RESULTS: Systolic left ventricular function was significantly lower in the Marfan syndrome group; as well global longitudinal left ventricular strain worsening was detected in MS group comparing to control group. In marfanoid habitus subjects, we found significant decrease of the circumferential strain in the interventricular septum and inferior wall. transforming growth factor-β1 and -β2 serum levels were elevated in patients with Marfan syndrome. Elevation of transforming growth factor-β1 was statistically nonsignificant unlike to transforming growth factor-β2 in the marfanoid habitus group. Negative correlations between the serum level of transforming growth factor-β2 and systolic radial strain in the marfanoid habitus group also have been found.

CONCLUSION: Worsening of regional myocardial deformation may be the first sign of deterioration of the left ventricular systolic function and the existence of primary cardiomyopathy in asymptomatic marfanoid habitus patients, which could affect their long-term prognosis and may be caused by increased transforming growth factor-β signaling.

Keywords

Marfan syndrome; Marfanoid habitus; Cardiomyopathy; Left ventricular systolic function; Myocardial deformation; Transforming growth factor-β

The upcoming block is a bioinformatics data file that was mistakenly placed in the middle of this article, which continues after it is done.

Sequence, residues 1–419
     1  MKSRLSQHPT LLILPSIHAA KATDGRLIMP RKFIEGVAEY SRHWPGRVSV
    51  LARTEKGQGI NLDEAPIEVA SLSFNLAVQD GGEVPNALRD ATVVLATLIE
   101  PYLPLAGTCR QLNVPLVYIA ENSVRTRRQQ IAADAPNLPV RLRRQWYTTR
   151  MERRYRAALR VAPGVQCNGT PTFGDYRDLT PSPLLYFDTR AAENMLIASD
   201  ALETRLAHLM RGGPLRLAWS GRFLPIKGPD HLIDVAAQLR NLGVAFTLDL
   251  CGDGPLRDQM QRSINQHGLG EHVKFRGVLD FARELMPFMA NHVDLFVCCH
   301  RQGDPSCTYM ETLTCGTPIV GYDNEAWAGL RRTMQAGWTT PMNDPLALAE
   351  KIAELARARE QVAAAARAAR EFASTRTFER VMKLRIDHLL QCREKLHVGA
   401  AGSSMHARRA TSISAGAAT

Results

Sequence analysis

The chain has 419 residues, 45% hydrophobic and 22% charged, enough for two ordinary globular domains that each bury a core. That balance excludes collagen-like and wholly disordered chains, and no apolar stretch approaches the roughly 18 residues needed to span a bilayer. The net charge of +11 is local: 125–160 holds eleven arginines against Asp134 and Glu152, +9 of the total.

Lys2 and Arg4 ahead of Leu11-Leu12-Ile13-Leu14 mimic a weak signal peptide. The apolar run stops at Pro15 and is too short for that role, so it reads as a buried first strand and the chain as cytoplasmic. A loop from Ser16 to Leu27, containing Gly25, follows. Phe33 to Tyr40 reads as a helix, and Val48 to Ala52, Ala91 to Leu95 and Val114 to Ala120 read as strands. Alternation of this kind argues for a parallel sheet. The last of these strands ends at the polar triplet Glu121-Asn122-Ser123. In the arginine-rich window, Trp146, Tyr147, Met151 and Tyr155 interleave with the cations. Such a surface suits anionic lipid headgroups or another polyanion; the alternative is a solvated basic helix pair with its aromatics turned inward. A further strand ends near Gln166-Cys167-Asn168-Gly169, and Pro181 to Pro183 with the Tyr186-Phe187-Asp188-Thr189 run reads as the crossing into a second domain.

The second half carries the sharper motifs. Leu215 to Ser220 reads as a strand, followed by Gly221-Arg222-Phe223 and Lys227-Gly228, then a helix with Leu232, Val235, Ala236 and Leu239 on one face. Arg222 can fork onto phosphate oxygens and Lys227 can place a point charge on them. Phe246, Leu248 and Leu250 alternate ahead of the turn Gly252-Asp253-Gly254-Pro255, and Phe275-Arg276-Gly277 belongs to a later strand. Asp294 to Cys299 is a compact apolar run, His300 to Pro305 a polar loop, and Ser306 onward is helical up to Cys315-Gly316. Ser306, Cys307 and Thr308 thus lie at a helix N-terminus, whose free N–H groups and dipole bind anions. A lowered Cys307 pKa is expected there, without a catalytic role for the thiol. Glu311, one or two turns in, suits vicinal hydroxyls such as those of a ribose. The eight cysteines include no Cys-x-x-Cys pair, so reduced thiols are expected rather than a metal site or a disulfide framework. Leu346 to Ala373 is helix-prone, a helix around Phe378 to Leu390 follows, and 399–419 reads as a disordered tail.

MS is one of the most common heritable disorder of connective tissue. In the range of MS complications are aortic aneurism, mitral valve prolapses and myocardial dysfunction (1). MS manifestations caused by mutations of fibrillin-1, a structural component of extracellular matrix, and also violation of the regulation of transforming growth factor-β. A number of studies (2,3) showed that excessive activation of TGF-β signaling pathway is the main reason of the impairment of LV function and aorta pathology in MS. Deterioration of systolic and diastolic function and enlargement of LV dimensions was found in patients with MS regardless the absence of hemodynamic overload due to mitral or aortic regurgitation in presence of mitral valve prolapse or aortic dilatation. The term “Marfan cardiomyopathy” is used to indicate changes in left ventricular function in the absence of significant valvular pathology in MS (4,5). In spite the fact that cardiomyopathy in MS is well studied it is still unknown if there are changes in the cardiac function in patients with similar connective tissue abnormality such as marfanoid habitus. marfanoid habitus includes arachnodactyly, long hands and feet, increased skin stretch, joint hypermobility and changes in the physiology of the pectus (Table 1).